Medusa Magazine has been cited by several major sources but, “It has always been and will always be satire,” the site’s anonymous creator posted in a blog explaining why the site would shut down.

Medusa’s unnamed creator continued: “We are shutting down our rather hilarious project because we can no longer compete with our competition. We have come to realize that our competition is not other satirical websites, but rather the people we are trying to satirize.”

The creator wrote, “I don’t blame anyone for thinking” the site was legitimate and wanted to “keep our readers in constant doubt” and even posted a Facebook message from last May to prove the entire thing was a joke. It was dubbed “the ultimate Social Experiment” and Facebook followers were told it was to see how long actual feminists would take to realize it was a joke.

A recent series of high-profile allegations of sexual harassment resulted in the site publishing a spoof article headlined, “Why we should believe women who accuse right wingers of rape more than those who accuse liberals.”'

up
19 users have voted.
I like this

Article here. Excerpt:

'Police funding cuts have been partly blamed for the collapse of a rape trial amid fears over potential miscarriages of justice.

A judge threw out the charges against 22-year-old Liam Allan after lawyers discovered messages showing the claimant wanted and enjoyed the sex she later claimed was non-consensual.

Mr Allan had been on bail for almost two years by the time the discovery was made, three days into his trial at Croydon Crown Court.

The messages had been obtained by police when they downloaded the contents of the woman’s phone, but investigators later told the lawyers they contained nothing relevant.
...
Mr Allan was charged with six counts of rape and six of sexual assault after the woman reported him to police, claiming their relationship was unhappy and abusive, and she did not want sex.

“These messages said quite the contrary – that she was extremely happy for the defendant to come back to her after they broke up and extremely happy with the sex,” Ms Smart said.'

up
13 users have voted.
I like this

Joy Behar, co-host of the daily talk show "The View", a frequent critic of men sexually harassing women (in particular, of Donald Trump), apparently has her own issues. A picture was recently uncovered showing her clearly grabbing Robin Williams' crotch in a supposed moment of levity. Snopes has confirmed the photo as authentic. Snopes, you will note, tries to wave off Behar's behavior as tolerable if not acceptable since she was not in a "position of power" relative to Williams. So, that makes it right? From the Snopes page:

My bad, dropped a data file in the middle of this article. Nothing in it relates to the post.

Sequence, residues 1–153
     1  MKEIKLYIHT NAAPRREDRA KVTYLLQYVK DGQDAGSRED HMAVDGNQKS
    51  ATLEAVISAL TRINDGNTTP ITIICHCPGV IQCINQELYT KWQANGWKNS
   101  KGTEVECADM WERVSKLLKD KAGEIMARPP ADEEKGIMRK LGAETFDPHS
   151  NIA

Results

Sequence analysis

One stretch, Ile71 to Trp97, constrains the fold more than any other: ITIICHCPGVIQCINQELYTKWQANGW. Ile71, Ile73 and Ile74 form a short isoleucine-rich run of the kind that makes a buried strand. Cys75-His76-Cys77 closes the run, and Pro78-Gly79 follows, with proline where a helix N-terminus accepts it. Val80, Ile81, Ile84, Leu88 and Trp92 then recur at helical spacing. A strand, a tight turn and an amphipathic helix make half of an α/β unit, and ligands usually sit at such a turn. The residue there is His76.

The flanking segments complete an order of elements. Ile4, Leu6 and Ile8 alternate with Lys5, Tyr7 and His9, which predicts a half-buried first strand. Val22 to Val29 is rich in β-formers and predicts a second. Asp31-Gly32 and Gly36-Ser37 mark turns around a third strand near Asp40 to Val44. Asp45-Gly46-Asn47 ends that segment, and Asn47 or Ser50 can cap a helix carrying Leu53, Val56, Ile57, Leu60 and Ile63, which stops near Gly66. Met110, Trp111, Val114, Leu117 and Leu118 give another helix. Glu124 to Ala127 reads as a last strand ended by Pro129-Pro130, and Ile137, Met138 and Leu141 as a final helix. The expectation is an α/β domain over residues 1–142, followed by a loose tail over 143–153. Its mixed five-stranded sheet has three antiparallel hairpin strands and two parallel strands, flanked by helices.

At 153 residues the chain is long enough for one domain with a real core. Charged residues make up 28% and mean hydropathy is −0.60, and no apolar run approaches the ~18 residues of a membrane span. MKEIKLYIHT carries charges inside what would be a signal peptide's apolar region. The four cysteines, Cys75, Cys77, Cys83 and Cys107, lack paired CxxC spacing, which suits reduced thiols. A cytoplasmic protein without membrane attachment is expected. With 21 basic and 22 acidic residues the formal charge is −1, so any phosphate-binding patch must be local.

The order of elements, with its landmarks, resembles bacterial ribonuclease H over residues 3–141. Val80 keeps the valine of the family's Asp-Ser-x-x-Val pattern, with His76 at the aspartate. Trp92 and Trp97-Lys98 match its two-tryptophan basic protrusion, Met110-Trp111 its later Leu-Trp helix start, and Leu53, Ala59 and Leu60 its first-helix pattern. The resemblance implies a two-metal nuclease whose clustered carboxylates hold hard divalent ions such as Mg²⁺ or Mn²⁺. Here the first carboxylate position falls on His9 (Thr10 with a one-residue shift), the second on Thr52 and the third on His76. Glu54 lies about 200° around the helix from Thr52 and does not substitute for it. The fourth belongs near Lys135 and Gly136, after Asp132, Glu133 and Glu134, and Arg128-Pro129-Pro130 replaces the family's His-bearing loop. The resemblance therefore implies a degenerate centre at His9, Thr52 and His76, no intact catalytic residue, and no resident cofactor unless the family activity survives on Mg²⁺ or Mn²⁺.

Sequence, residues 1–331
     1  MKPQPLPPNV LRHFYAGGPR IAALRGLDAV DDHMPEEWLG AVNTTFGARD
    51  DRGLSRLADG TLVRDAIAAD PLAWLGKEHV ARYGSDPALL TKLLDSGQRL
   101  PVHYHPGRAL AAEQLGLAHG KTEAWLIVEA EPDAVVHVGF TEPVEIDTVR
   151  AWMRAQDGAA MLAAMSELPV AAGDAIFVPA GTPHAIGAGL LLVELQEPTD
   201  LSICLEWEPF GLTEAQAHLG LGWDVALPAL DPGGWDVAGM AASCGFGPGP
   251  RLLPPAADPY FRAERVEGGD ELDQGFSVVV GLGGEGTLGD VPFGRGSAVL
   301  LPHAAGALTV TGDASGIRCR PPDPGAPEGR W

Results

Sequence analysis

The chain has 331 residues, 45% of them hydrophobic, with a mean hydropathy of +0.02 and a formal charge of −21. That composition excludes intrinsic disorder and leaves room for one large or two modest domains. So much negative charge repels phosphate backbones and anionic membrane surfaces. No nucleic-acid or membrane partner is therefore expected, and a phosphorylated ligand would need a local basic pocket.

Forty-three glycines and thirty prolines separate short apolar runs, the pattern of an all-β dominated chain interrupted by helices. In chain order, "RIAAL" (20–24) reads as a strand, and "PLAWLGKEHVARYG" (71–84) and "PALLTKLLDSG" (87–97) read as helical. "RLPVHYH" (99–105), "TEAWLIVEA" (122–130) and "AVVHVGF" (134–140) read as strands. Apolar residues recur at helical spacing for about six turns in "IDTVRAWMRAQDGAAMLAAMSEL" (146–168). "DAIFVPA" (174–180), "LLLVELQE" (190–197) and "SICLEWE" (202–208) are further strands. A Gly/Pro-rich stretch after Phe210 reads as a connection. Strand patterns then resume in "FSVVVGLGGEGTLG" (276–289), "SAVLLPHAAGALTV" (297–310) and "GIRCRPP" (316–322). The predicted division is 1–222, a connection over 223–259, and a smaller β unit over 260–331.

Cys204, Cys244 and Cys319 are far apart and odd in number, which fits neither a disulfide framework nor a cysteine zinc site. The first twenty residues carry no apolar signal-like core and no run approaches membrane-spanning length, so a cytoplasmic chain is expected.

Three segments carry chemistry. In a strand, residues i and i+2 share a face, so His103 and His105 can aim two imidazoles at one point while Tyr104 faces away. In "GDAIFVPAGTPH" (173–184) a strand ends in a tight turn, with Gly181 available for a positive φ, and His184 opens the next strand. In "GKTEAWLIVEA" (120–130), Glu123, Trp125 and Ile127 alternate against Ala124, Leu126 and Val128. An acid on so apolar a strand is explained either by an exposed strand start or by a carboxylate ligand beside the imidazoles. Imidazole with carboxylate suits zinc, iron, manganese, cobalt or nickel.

'And so, although the photograph is authentic, criticism of Behar neglects to mention that Williams never lodged complaint—and later joked with her about it publicly. Behar is also not a public official (let alone the president of the United States), nor was she ever in a position of power or authority over Williams, one of the era’s most successful and well-known comedians.'

The double-standards and rationalizations never seem to end, do they?

ABC is the network to contact re Behar needing to go. Time for a new face in her seat. Contact ABC here.

up
16 users have voted.
I like this

Article here. Excerpt:

'The RCMP is set to dramatically expand its review of closed sexual assault cases. 

The decision comes after an examination of 2,225 files from 2016 where Mountie investigators had concluded the complainants' allegations were unfounded.

Having identified investigative, supervisory and knowledge gaps, the national police force has decided to re-examine every sexual assault case since 2015 where no charges were laid, no matter the reason.

"We don't have all the file numbers for 2017 yet, but we're expecting something in the vicinity of 25,000 files," Sgt. Wendy Smith told CBC News.'

up
17 users have voted.
I like this

This is hard for me to post because "Mom" is hands-down my favorite TV show. However, what I saw this past Thursday was upsetting and annoying, especially as one of my fave actresses was the offending party. I do wonder if maybe there wasn't some controversy in including the man-whack she delivered but the producers went along anyway? Guess we may never know. Anyway, the episode is "Too Many Hippies and Huevos Rancheros" and can be seen here. Jump to time mark 15:30 and watch. Bonnie whacks her boyfriend across the back of the head at 15:38 in chastisement of him not being romantic enough.

Contact CBS about their "humorous" promotion and tacit approval of routinized DV against men delivered by women, something apparently so acceptable that it completely failed to be noticed by CBS' otherwise scrupulously-sensitive content reviewers. I guess so long as the violence is done by a woman against a man, it's OK by CBS. "CBS cares". Well, only if you're female, apparently.

Send CBS Audience feedback here.

up
15 users have voted.
I like this

Article here. Excerpt: